Latest
Inspiration
EY Info
Tools
Premium Resources
TNL Jobs
About US
My TNL
Content Filters
Reset Filters
Inspiration
Inspiration
The latest and best ideas in early years
Early Years Info
Early Years Info
All about the sector, from A - Z
Tools
Tools
Tools, plans and resources to use everyday
Activity Plans
Activity Plans
Filter by EYFS area & children's ages
Interviews
Interviews
Hear from interesting sector colleagues
CPD
CPD
Up-skill, gain knowledge and develop
Health Matters
Health Matters
Looking after the physical and mental health of practitioners and children
Policy Packs
Policy Packs
Section for downloadable and updating TNL policies
Content Filters
Reset Filters
Inspiration
Inspiration
The latest and best ideas in early years
Early Years Info
Early Years Info
All about the sector, from A - Z
Tools
Tools
Tools, plans and resources to use everyday
Activity Plans
Activity Plans
Filter by EYFS area & children's ages
Interviews
Interviews
Hear from interesting sector colleagues
CPD
CPD
Up-skill, gain knowledge and develop
Health Matters
Health Matters
Looking after the physical and mental health of practitioners and children
Policy Packs
Policy Packs
Section for downloadable and updating TNL policies
Open Filters

Exploring The Life All Around Us

What you need...

How to prepare...

This activity doesn't need any preparation in advance of getting started with the children. A dry and sunny day might be the easiest option, but do consider going ahead with this activity even in the rain - it might be interesting to see if you get different results depending on the weather...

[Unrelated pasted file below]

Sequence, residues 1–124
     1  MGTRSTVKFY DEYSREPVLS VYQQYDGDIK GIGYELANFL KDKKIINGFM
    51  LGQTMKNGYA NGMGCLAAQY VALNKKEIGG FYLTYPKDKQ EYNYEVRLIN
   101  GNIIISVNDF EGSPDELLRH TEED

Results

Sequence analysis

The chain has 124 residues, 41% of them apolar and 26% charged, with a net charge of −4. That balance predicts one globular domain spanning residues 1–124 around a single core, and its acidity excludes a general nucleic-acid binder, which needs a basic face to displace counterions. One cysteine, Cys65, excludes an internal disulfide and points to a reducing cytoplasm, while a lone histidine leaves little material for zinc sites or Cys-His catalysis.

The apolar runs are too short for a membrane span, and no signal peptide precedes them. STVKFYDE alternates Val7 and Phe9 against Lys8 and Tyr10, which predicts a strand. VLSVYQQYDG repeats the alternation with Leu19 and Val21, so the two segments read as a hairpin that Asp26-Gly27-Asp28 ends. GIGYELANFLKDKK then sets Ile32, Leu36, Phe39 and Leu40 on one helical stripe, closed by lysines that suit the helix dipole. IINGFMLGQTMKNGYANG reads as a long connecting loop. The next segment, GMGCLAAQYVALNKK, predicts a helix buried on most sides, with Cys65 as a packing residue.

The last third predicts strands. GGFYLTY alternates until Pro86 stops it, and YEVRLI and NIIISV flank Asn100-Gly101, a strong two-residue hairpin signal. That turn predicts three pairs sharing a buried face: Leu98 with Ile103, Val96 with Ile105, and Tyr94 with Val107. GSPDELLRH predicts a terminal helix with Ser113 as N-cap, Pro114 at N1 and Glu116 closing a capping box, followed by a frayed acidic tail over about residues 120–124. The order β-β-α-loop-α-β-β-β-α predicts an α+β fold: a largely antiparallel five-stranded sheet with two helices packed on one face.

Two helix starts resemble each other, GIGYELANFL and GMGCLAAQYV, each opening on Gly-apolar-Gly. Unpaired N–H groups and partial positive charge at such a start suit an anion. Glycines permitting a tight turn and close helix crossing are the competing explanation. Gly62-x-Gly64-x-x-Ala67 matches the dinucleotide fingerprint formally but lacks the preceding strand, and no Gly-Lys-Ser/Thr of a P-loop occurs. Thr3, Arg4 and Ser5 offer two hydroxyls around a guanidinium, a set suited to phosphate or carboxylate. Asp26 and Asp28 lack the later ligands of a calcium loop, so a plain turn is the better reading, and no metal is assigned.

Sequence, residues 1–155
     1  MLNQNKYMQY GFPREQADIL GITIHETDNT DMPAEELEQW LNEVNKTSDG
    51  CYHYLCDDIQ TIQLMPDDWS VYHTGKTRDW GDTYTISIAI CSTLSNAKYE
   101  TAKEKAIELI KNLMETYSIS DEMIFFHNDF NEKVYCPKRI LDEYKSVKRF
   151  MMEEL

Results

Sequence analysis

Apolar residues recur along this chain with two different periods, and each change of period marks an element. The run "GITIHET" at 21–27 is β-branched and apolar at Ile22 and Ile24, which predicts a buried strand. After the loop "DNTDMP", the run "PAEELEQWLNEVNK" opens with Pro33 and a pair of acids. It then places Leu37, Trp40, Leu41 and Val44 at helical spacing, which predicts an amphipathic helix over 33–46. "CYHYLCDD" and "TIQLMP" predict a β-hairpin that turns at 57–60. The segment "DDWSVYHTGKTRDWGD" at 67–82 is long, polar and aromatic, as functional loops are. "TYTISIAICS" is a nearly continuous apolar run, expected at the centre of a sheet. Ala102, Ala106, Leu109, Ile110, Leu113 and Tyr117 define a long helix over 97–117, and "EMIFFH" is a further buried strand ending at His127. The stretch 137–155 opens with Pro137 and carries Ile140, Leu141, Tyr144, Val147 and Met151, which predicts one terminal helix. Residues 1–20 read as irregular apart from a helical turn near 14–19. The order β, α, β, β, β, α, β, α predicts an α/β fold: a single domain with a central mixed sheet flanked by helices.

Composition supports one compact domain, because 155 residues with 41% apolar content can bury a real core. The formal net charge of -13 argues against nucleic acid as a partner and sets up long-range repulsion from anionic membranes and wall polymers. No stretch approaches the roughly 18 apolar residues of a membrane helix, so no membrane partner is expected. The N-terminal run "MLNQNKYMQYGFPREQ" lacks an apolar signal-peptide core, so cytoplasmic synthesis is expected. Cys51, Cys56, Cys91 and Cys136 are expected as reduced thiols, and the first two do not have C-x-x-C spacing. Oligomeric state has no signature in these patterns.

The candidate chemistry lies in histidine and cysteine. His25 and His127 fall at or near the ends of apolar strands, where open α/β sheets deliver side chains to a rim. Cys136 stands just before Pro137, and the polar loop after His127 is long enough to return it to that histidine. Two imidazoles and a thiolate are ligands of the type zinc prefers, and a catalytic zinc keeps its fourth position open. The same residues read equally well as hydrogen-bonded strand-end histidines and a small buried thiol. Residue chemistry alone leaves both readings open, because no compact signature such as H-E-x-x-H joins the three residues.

The activity process...

  1. Select your sample tree or bush. A tree is ideal, but a reasonably large shrub will work fine too. Peg your sheet out beneath the plant, trying to make it pulled tight.
  2. Carefully give the tree/bush a shake, being careful not to damage the plant. The idea is to dislodge some of the little creatures living in amongst the leaves, so use your judgement about how hard to work.
  3. Once you see the sheet is scattered with bits of plant and some creepy-crawlies, hand out the magnifying glasses and encourage the children to start exploring what they've found.

At this point how you proceed with the activity will depend a bit on the ages of the children involved. It's a great example of a child-led activity, so don't worry too much about steering their exploration in any particular direction. Some things you might consider doing include:

  • Keeping track of how many different types of insect are found, and which types are the most common.
  • Counting the legs on different insects using magnifying glasses
  • Using a book or the internet to try and identify the names of the insects by comparing the real thing to photos
  • Encouraging children to touch or gently hold insects, exploring fears and overcoming them
  • Talking about the importance of being gentle and not harming the insects
  • Considering predator-prey relationships and talking about why having lots of different creatures are important

Tracking this activity...

16 - 26 months

Mathematics, Numbers; "Says some counting words randomly."

22 - 36 months

Physical Development, Moving & Handling; "Squats with steadiness to rest or play with object on the ground, and rises to feet without using hands"

Mathematics, Numbers; "Recites some number names in sequence"

Understanding the World, The World; "Notices detailed features of objects in their environment"

30 - 50 months

Mathematics, Numbers; "Shows an interest in numerals in the environment."

Understanding the World, The World; "Can talk about some of the things they have observed such as plants, animals, natural and found objects."

40 - 60+ months

Mathematics, Numbers; "Counts objects to 10, and beginning to count beyond 10."